Faustina the Elder
Annia Galeria Faustina, more familiarly referred to as Faustina I (Latin: Faustina Major; born on September 21 around 100 CE; died in October or November of 140 CE), was a Roman Empress and wife of Roman Emperor Antoninus Pius.
Faustina was the only known daughter of consul and prefect Marcus Annius Verus and Rupilia Faustina. Her brothers were consul Marcus Annius Libo and praetor Marcus Annius Verus. Her maternal aunts were Roman Empress Vibia Sabina and Matidia Minor. Her paternal grandfather was named Marcus Annius Verus, like her father, while her maternal grandparents were Salonina Matidia (niece of Roman Emperor Trajan) and suffect consul Lucius Scribonius Libo Rupilius Frugi Bonus. Faustina was born and raised in Rome.
As a private citizen, she married Antoninus Pius between 110 and 115 CE. Faustina and Antoninus had a very happy marriage. Faustina bore Antoninus four children, two sons and two daughters. These were:
- Marcus Aurelius Fulvius Antoninus (died before 138); his sepulchral inscription has been found at the Mausoleum of Hadrian in Rome.
- Marcus Galerius Aurelius Antoninus (died before 138); his sepulchral inscription has been found at the Mausoleum of Hadrian in Rome. His name appears on a Greek Imperial coin.
- Aurelia Fadilla (died in 135); she married Aelius Lamia Silvanus or Syllanus. She appears to have had no children with her husband and her sepulchral inscription has been found in Italy.
- Annia Galeria Faustina Minor or Faustina the Younger (between 125-130 to 175), a future Roman Empress; she married her maternal cousin, future Roman Emperor Marcus Aurelius. She was the only child who survived to adulthood.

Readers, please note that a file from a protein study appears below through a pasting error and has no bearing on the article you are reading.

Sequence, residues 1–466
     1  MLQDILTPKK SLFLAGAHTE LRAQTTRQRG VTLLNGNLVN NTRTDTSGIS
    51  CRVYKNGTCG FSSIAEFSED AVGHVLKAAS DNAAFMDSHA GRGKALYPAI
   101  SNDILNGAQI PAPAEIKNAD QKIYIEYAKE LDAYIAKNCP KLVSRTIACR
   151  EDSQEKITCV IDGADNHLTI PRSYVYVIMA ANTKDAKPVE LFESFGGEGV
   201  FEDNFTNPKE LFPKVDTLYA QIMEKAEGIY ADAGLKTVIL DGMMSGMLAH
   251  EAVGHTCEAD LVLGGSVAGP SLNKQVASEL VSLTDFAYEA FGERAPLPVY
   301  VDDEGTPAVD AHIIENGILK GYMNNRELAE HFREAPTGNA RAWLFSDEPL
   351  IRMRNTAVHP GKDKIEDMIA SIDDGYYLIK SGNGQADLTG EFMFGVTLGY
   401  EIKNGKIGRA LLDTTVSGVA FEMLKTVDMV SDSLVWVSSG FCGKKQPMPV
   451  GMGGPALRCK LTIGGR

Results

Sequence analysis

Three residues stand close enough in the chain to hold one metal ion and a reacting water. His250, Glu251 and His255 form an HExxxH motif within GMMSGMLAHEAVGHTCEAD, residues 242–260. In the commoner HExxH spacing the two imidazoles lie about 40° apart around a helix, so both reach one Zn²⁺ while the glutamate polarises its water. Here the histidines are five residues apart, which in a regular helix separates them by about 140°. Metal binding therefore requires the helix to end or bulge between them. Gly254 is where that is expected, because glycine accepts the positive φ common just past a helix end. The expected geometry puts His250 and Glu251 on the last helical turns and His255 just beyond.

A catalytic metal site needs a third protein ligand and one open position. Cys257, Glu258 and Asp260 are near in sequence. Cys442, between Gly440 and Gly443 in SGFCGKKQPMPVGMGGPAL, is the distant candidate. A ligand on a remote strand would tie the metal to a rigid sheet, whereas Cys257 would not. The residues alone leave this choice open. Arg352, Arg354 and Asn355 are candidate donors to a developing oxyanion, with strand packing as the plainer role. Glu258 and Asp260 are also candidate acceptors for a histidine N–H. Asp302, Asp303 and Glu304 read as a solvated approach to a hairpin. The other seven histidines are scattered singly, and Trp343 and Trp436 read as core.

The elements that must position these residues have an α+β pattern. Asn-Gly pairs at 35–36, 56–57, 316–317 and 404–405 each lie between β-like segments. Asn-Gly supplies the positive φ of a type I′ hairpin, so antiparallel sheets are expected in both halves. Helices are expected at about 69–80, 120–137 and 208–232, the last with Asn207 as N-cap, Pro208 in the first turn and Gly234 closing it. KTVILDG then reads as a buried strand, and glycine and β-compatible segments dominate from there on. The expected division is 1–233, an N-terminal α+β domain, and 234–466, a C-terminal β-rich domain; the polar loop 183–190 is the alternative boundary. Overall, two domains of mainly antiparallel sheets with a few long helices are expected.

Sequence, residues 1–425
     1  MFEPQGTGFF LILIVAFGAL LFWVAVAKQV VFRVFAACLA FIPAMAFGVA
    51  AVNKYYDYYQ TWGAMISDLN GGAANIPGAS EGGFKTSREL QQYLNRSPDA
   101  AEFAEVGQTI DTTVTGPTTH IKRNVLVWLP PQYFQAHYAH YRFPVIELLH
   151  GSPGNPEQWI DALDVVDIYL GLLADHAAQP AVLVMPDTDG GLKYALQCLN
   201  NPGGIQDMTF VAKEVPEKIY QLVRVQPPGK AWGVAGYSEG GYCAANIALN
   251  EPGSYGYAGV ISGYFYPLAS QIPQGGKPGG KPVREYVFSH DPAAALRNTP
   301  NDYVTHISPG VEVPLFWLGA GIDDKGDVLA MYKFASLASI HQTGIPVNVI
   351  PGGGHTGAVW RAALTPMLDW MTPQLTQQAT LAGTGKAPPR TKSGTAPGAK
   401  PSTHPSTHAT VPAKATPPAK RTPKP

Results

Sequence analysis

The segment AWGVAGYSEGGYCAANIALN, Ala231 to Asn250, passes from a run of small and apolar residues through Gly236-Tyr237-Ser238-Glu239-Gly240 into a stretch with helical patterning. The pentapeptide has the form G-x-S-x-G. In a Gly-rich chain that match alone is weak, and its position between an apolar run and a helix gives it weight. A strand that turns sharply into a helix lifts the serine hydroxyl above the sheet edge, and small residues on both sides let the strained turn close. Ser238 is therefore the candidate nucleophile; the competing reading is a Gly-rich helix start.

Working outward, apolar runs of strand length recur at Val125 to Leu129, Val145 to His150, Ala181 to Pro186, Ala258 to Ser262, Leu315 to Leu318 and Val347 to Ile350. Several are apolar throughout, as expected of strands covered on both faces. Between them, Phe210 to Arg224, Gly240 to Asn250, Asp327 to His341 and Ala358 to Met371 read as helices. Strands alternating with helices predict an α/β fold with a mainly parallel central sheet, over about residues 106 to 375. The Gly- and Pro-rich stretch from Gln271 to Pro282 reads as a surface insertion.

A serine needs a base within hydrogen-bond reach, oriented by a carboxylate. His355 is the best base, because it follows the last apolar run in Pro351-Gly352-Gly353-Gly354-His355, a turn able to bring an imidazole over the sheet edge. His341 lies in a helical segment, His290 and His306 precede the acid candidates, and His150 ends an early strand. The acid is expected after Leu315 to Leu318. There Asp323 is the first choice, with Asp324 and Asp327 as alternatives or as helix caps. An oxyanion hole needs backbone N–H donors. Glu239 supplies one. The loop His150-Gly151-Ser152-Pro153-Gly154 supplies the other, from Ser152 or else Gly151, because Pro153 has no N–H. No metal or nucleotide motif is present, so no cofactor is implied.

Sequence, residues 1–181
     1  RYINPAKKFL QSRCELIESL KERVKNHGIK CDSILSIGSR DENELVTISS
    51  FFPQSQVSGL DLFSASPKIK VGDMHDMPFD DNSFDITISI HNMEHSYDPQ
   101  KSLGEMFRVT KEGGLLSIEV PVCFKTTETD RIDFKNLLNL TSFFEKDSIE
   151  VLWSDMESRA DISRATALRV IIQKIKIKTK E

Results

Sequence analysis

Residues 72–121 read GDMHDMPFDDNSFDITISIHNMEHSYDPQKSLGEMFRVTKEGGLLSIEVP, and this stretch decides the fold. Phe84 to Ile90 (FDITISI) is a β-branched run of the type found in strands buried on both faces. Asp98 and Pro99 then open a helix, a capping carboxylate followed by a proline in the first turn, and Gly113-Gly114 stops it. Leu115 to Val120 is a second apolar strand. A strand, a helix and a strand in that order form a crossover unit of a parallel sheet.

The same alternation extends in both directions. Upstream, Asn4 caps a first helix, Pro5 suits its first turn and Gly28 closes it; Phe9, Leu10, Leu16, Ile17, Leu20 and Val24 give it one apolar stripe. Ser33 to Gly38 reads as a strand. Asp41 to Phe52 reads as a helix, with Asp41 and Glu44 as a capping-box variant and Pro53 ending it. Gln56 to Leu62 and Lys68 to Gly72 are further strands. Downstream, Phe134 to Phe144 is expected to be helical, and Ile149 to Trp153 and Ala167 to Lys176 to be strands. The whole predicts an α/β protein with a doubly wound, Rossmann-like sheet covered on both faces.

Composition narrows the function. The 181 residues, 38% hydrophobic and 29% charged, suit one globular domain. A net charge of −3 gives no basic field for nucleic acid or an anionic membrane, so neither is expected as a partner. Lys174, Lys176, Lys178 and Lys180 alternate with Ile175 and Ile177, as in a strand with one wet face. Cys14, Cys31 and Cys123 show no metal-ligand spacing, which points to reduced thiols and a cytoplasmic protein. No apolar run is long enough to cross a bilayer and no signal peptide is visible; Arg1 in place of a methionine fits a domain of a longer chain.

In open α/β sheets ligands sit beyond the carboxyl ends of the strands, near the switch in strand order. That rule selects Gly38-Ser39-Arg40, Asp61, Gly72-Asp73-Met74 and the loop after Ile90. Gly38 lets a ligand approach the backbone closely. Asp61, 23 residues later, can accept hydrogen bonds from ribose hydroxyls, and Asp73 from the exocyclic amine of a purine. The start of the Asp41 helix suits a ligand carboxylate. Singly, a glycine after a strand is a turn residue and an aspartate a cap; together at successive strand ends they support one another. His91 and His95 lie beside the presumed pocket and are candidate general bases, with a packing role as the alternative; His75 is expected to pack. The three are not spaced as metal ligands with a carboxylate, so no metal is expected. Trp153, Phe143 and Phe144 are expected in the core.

On July 10, 138, her uncle, the emperor Hadrian, died and her husband became the new emperor, as Antoninus was Hadrian's adopted son and heir. Faustina became Roman Empress and the Senate accorded her the title of Augusta. As empress, Faustina was well respected and was renowned for her beauty and wisdom. The Historia Augusta criticized her as having "excessive frankness" and "levity". Throughout her life, as a private citizen and as empress, Faustina was involved in assisting charities for the poor and sponsoring and assisting in the education of Roman children, particularly girls.
Faustina's personal style was evidently much admired and emulated. Her distinctive hairstyle, consisting of braids pulled back in a bun behind or on top of her head, was imitated for two or three generations in the Roman world.
Death and legacy
When Faustina died in 140, Antoninus was devastated and took several steps to honor her memory. He deified her (her apotheosis was portrayed on an honorary column) and had the Temple of Faustina built in the Roman Forum. He also ordered various coins with her portrait struck, inscribed DIVA FAVSTINA ("Divine Faustina") and elaborately decorated. Antoninus also established a charity called Puellae Faustinianae ("Girls of Faustina") to assist orphaned Roman girls and created a new alimenta (see Grain supply to the city of Rome). Certain cities, such as Delphi and Alexandria, struck coin issues in honour of the "divine Faustina" (Ancient Greek: ΘΕΑ ΦΑΥϹΤΕΙΝΑ).
The posthumous cult of Faustina was exceptionally widespread, and Faustina's image continued to be omnipresent throughout Antoninus Pius' principate. A colossal marble head, believed to be that of Faustina and discovered in 2008, figured as one of several monumental imperial statues at the ancient site of Sagalassos in Turkey. In Olympia, Herodes Atticus dedicated a nymphaeum that displayed statues of Faustina and other Antonines as well as his own ancestors. Bergmann and Watson have characterized the commemoration of Faustina as central to Antoninus Pius' political persona.